Anti-grunting measures on the tennis court could soon be served up for young players, in a bid by the Women's Tennis Association to shush next-generation talent before they pick up the distracting habit.

The WTA is reviving talk of equipping officials with a "grunt-o-meter," a hand-held instrument that would allow umpires to dock female players who shriek too loudly during play.

Disgruntled players


Monica Seles was among the first female tennis players to popularize grunting during play, in the 1990s. (Matt York/Associated Press)

Grunting during women's tennis matches was mostly unheard of until former world No. 1 player Monica Seles broke onto the tournament scene in the mid-1990s and made it popular. Since then, there has been a dramatic rise in on-court grunting.

Seles's opponents complained about her piercing cries and British tabloids joined the chorus of condemnation.

Seles defended her habit, saying it had become part of her game.

"It's just the style that I play. I go for every shot and I give everything into a shot," said Seles, who was born in Yugoslavia and is now living in the U.S.

The association plans to teach junior players in the academies and national development programs not to imitate offending tennis idols such as Victoria Azarenka and Maria Sharapova — whose loud wails while swatting balls with their rackets have become so notorious that they've been dubbed tennis "scream queens."

In 2009, for instance, Sharapova's grunt was recorded at 105 decibels — equivalent to standing less than a metre away from a buzzing chainsaw.

Part of the WTA's crackdown on noise could include installing sound monitors on courts to identify to what degree a grunt should be toned down, and to allow umps to enforce current rules when appropriate.

The long-term effort is focusing on up-and-coming players, as WTA officials have conceded it may be unfair to ask mature players to change their habits now.

Sharapova has claimed she's too old to suddenly alter her breathing technique during play, though she added that penalizing over-the-top shriekers on the court is a "smart idea."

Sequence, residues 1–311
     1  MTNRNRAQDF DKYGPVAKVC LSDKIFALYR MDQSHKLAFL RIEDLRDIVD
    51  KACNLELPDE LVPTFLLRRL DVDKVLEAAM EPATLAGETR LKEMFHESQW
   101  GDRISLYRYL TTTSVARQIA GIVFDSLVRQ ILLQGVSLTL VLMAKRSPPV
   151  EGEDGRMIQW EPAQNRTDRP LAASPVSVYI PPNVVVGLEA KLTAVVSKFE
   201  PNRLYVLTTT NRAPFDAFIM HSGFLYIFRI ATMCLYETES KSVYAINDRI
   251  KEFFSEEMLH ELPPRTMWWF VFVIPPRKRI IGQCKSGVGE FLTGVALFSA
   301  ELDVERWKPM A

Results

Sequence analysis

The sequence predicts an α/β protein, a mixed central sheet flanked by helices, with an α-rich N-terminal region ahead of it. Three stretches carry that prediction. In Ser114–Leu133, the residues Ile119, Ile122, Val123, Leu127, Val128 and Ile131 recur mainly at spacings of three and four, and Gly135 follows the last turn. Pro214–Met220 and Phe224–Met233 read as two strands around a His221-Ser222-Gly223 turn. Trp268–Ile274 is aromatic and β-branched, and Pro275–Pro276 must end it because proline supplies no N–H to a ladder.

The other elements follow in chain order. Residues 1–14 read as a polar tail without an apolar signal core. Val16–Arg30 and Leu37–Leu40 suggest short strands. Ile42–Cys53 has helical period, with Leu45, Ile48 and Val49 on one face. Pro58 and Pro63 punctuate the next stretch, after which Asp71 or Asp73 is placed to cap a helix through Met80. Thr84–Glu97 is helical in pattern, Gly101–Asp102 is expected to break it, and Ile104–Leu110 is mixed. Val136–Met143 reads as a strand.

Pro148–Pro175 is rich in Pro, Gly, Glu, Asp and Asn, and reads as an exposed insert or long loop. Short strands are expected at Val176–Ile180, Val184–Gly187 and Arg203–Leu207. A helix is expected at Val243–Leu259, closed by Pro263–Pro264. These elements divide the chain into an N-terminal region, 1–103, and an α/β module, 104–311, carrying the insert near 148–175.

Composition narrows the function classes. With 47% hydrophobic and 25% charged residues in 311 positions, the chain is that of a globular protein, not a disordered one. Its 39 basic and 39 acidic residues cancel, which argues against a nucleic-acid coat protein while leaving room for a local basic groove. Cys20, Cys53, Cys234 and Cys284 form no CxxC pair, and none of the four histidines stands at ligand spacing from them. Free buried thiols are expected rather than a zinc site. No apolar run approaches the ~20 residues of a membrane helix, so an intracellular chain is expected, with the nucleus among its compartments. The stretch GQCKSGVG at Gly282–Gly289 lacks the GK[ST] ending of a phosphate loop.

Some players have complained the grunting is unsportsmanlike.

Retired pro Martina Navratilova, who supports the grunting ban and attended this week's Rogers Cup women's tournament in Montreal, has suggested the noise could be a form of cheating.

Navratilova said she would often analyze the sound of the ball coming off her opponent's racket to prepare for a particular shot, but that the screeching covered that sound.

Excessive grunting could amount to foul play

Caroline Wozniacki, another former No. 1 player, also questioned whether some of her rivals were grunting excessively on purpose so opponents won't be able to hear how the ball was struck and anticipate its approaching speed.

Those who support grunting in the women's game have also claimed a sexist double standard, noting there is not currently any similar movement in men's tennis to muzzle male players.

"No. 1 Novak Djokovic often croaks like a bullfrog and Rafael Nadal sounds on occasion like he's gargling," The Associated Press wrote in an editorial.

Debate among coaches is divided. Some teach the grunt, while others don't.

As for fan reaction, spectators have also complained that the grunts are off-putting. But British player Heather Watson claimed that spectators actually enjoyed hearing the shrieks because they add to the tournament experience.

The grunt-o-meters are expected to be introduced in the coming years.